17 Sep

Going solo: some fings what I learnt

I warn you now, this is a long post but, hopefully, one that will resonate with some people.

I’ve not ‘made it’ yet. I’m not the ultimate freelance copywriter – there are others out there – but I have learnt quite a bit since I’ve been working as That Writing Chap (and from copywriting prior to that).

Freelancing can be hard. It’s an odd and often lonely world, working for yourself, but here are a few things that I’d like to share with anyone thinking of ‘taking the plunge’ or who’s just set off on their solo journey:

1. Get up early. If you freelance, it’s really easy to let waking up at 8am, creep to 9am, then to 10am. Try to avoid this.
Yes, you can work any hours, but you’ll feel better for getting up early. 7.30 is fine, that’s still before what would be ‘the working day’ if you were in an office job.

2. Get some exercise in, each day, early on (if so, get up a bit earlier). It’ll clear your mind, maybe even open up some ideas, and it offsets the fact that you may be sedentary, sat at your desk for the rest of the day.

3. Set the working pattern that best suits you/your circumstances: find out when you get your very best work done (for example, I now know that I work particularly well between 5pm – midnight). You are not working any less hard by not keeping to ‘normal hours’, and clients don’t care at what times you did the work – just that it’s delivered to the deadline you promised, is within budget, and is exactly what they asked for.

4. Don’t ever be afraid to ask for payment: you’re offering a service, you’ve worked hard for that money, you’ve spent a lot of time on the project – you’re not requesting payment for nothing in return.
Not only that, but a client is paying for your expertise; the training you went through to make you good at what you do, the extra research you added on to that, the mistakes you’ve made to become much better for each piece of work you take on, all of the creative references you’ve spent time collating to know more about what you do than the average person on the street or A.N Other person on ‘Fiver.com’ – value what you do.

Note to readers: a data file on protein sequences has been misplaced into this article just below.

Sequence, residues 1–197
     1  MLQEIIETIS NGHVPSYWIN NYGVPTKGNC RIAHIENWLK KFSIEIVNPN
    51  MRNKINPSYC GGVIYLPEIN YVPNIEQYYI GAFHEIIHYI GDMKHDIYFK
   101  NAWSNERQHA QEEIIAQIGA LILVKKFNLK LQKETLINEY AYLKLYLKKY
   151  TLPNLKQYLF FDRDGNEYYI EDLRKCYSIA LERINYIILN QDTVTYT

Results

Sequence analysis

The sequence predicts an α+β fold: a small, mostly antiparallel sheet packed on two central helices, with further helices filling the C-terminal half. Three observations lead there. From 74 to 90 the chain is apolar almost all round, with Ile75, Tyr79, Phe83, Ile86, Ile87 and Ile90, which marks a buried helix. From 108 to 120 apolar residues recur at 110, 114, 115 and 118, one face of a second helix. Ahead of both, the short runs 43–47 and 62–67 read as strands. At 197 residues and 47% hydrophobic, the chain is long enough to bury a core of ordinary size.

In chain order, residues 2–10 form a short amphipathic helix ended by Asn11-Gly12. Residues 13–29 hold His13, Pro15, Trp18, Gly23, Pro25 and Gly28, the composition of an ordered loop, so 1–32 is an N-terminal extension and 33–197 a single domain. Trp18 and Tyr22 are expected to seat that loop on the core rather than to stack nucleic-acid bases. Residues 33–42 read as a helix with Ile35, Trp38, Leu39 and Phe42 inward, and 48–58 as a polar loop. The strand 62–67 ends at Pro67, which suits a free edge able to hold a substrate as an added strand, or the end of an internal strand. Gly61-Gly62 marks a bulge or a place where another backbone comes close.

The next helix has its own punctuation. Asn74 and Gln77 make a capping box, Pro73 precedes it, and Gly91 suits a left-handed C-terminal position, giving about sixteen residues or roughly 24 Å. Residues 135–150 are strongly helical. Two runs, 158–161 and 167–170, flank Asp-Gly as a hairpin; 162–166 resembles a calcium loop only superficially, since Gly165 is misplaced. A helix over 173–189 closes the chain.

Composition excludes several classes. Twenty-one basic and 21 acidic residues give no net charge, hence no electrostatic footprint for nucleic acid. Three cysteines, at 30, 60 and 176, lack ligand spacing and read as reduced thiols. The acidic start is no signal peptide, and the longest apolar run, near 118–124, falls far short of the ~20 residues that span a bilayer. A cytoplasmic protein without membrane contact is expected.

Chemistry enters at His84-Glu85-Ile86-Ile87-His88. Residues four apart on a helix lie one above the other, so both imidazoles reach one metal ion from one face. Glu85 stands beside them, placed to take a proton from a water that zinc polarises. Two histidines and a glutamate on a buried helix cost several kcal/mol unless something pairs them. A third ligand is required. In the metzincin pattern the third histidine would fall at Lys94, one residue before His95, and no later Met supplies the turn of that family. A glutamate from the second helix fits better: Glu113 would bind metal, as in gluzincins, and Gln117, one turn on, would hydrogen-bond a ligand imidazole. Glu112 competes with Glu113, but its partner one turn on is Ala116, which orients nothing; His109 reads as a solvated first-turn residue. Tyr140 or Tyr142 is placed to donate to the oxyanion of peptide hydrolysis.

5. Know that going freelance is no ‘easy option’. If you’re going to do it properly, you’ll have to work long hours and work hard to build a reputation, build trust, and find clients: there are a million and one freelancers out there – why should someone trust you in particular?
Also, you are not within the comfort of a company now: you are the planner, the account handler, the new business department, the client retention department, the finance department/debt chaser, the marketing officer… everything is down to you. Be prepared to juggle ‘hats’.
In addition, you have to consider tax, paying for your own pension, paying for any medical insurance, gym etc… out of your own pocket, not as part of company ‘perks’.

6. Have a strategy/business plan – even a loose one: how will you grow? What type of clients do you want (both size of client and industry)? How much do you need to make, each month to a) survive b) grow? What are your outgoings? Are they all necessary? Would you take on an extra person at some point? Where will you be in five years time?

7. Develop a thick skin: no matter how hard you work, how many hours you put in etc, some people will always doubt you. Some will believe – no matter what you say or do – that you simply sit around all day in your PJs, watching Jeremy Kyle, getting very little done. This is very hard to take, particularly when you know that you’re working your b*ll*cks off.
You almost want to have a camera on you all day, to film what you do and send it to those that doubt you.